By: Judah Gutwein, Regency Nursing & Rehabilitation Centers
The family is meeting to discuss Mom. She’s fallen twice in the last two months and seems a little disoriented and mildly confused lately. She seems to be losing weight too. She’s definitely not taking care of herself – or her home – as she used to.
The discussion becomes heated. Snippets of conversation can be heard: “nursing home, retirement residence, respite, hospice…” You think to yourself, I’ve heard many of these terms but I don’t know what they all mean. I don’t know what care is right for mom. I certainly don’t know where to begin.”
Now picture this:
The phone rings. It’s 10:30 at night. Immediately you begin to worry. It’s Mom. She’s fallen again for the second time this year.
You realize that it’s just not safe for her to live on her own anymore. The next fall may result in serious injury. But what are the options? You ask yourself, “What decisions can I make that will benefit my mother and ensure her happiness?”
The scenarios above are replayed every day in a thousand different forms in homes throughout the country.
Children are never prepared to be parents, especially emotionally.
The role of bringing new life into the world and the responsibility that comes along with it can be overwhelming, regardless of the books you have read or the classes you’ve taken. Yet, most of us become parents and learn as we go, growing right along with our children.
Just as we may feel unprepared to parent our own children, we are even less prepared for a second, important parenting role – that of being a parent to our own parents. These are the people who brought us up, taught us about the world, gave us values and influenced our views. In short, these are the people who are largely responsible for who we are. They have always been Mom and Dad. We have always been the child.
Know, however, that you are not alone.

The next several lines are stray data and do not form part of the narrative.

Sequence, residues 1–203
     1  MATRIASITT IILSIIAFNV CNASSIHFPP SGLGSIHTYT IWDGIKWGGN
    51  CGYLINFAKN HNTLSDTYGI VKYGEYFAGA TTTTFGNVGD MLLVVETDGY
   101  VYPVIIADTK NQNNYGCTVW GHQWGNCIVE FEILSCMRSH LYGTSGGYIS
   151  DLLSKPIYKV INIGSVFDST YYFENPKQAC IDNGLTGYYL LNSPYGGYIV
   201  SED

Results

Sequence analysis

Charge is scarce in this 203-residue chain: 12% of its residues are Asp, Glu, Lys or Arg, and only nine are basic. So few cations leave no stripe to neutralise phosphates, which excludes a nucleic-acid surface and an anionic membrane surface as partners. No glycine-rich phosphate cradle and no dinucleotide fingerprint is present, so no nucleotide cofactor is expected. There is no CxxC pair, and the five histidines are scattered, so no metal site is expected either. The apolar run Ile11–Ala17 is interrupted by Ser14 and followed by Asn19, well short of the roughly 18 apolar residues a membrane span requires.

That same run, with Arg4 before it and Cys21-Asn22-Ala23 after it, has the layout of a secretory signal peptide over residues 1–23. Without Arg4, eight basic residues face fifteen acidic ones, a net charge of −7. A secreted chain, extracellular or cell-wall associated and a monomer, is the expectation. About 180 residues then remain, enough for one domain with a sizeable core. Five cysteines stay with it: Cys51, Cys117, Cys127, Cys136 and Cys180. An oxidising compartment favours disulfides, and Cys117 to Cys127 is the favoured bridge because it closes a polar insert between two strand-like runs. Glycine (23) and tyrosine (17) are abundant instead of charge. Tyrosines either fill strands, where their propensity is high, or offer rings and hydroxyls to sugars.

There are options to choose from that will provide your loved one with an environment that will enrich his or her life while allowing them the opportunity to rehabilitate themselves and/or to live in security and comfort.
The following are some choices available for senior care today, with brief descriptions of what they offer:
Volunteers buy groceries, vacuum, run errands, etc.
This includes meals-on-wheels, story reading, companionship.
Adult Day Care:
Daytime activities suitable for seniors, lunches, therapy, games.
Home Health Care:
Nurses, physical therapists, and dietitians provide in-home services.
These provide extensive physical, occupational and speech therapy in their offices.
Continuing Care Retirement Communities/Continuing Care Centers:
Designed to meet the changing needs of residents, some offer services ranging up to skilled care off-site.
Assisted Living Centers:
These offer some assistance with eating, bathing and other activities of daily living.
These offer all encompassing care including around-the-clock nursing, rehabilitation and physical therapy on-site. All in a healthy emotional and social setting with immediate access for health care needs.
This wide variety of care choices can seem confusing at first glance. They should be viewed, however, as a continuum of care, designed for the varying needs of seniors. They begin with a minimum of help, such as assistance with chores, or social activities offered at adult day care centers, and continue on to more encompassing care, such as that offered at nursing facilities.